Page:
Subject: I have found a CD that I think you would enjoy
Last Tango in Paris - O.S.T. (Bonus Tracks) (RMST)
Genres: Jazz, Pop, Soundtracks, Latin Music
Despite a famously raving review by American film critic grand dame Pauline Kael (who dubbed it "the most powerfully erotic movie ever made") Bernardo Bertolucci's often unfocused 1973 meditation on sexuality, existenti... more »
Despite a famously raving review by American film critic grand dame Pauline Kael (who dubbed it "the most powerfully erotic movie ever made") Bernardo Bertolucci's often unfocused 1973 meditation on sexuality, existential angst and inventive uses of butter can now seem as quaintly compelling as wide collared blazers and velveteen trousers. Indeed, Argentine jazz saxophonist Gato Barbieri's evocative score has aged better than much of the film. Bertolucci's conceit to structure the film loosely around the erotic duel that's at the heart of the Tango led him to seek a non-traditional musician to score it (Tango legend Astor Piazzolla was rumored to have been an early consideration). Once selected, the then-largely obscure Barbieri originally produced a series of brief, Tango-jazz fusion cues that functioned more as emotional punctuation than traditional underscore. Those musical snippets were later re-arranged and re-recorded by Oliver Nelson for the wildly successful soundtrack album; it would be another quarter century before Barbieri's own recordings were issued, albeit briefly. Both Barbieri's and Nelson's work are reunited here in a comprehensive edition, emotive fusion-jazz that--for better or worse--virtually opened the door to mainstream jazz successes like Kenny G and the so-called Wave radio format. --Jerry McCulley
Gato Barbieri - LAST TANGO IN PARIS [Soundtrack]
Tom Benton | North Springfield, VT USA | 08/18/2006
(5 out of 5 stars)
"Gato Barbieri's soundtrack for Bernardo Bertolucci's criminally underappreciated masterpiece is an equally impressive album that is as wonderful a solo work as it is a film soundtrack. It's a magical fusing of Latin, tango, and above all else, jazz, filled with beautiful symphonic arrangements and powerful saxophone solos performed by Barbieri himself. The 2004 reissue includes all the Grammy-winning album's original tracks as well as a 29-minute suite containing 28 cues personally selected by Barbieri. The real accomplishment here is that the music is just as emotional if you haven't seen the film as it is if you have. Certainly one of the finest soundtracks of all time. Highly recommended."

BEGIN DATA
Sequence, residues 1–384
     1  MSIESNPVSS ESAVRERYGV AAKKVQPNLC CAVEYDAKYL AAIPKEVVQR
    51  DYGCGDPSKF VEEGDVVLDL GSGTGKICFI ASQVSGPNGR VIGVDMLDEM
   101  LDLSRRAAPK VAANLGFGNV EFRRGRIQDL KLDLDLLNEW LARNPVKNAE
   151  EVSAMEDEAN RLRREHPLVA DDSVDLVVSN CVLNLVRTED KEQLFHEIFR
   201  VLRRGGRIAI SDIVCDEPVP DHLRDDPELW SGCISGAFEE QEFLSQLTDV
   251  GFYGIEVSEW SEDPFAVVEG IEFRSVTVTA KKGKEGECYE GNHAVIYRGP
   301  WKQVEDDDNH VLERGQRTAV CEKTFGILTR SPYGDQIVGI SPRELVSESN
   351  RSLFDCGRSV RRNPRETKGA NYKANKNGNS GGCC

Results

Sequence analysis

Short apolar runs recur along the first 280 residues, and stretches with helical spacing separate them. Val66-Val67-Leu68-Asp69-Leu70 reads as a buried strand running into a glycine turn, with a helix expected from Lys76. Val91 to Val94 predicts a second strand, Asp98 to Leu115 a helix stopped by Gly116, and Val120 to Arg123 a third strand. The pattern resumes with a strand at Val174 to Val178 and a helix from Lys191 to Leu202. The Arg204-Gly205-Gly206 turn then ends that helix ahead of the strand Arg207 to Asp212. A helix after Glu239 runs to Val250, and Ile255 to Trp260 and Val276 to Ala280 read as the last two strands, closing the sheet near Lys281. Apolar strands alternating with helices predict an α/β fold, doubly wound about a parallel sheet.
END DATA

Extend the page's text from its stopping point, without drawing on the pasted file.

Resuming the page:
Magisterial Over-The-Edge Romantic Fusion
cvairag | Allan Hancock College | 11/06/2007
(5 out of 5 stars)
"1) Lays claim to being the greatest soundtrack ever recorded.
2) Generally undisputed, if not widely known, jazz masterpiece.
3) Gato's finest sustained studio effort on disk (though not as popular as his more mainstream pop efforts which became staple 70's muzak).
4) Deeply felt - emotionally charged - lavishly self-indulgent - uabashedly romantic, melodramatic - finally profound.
5) I personally find it far more affecting than the moving, but rather darkly existential film, which I have not seen since its initial run in the theaters long ago.
6) If you like Gato, or simply moody, introspective jazz fusion, from a medium to large ensemble - you won't go wrong here: one of the greatest."
Strange and exotic
John R. Sullivan | Havre de Grace, MD USA | 12/17/2008
(5 out of 5 stars)
"Once again, the "professional" reviewer at the top, Mr. McCulley, has his head inextricably wedged in a certain body cavity. I suppose originality in the cinema IS "quaintly compelling," when one compares "Last Tango in Paris" to today's timid, imbecilic fare. Maybe he should focus on the movie itself instead of the fact that characters in 1973 are wearing clothes made in...1973. Also comparing Barbieri's haunting and often wrenching score to Kenny G is a bit much. I remember my parents playing this album when I was a kid, and I knew even then that it meant something strange and exotic. It also helped to introduce me to jazz. Kudos Bertolucci, Schneider, Brando and Barbieri. They literally don't make 'em like this anymore."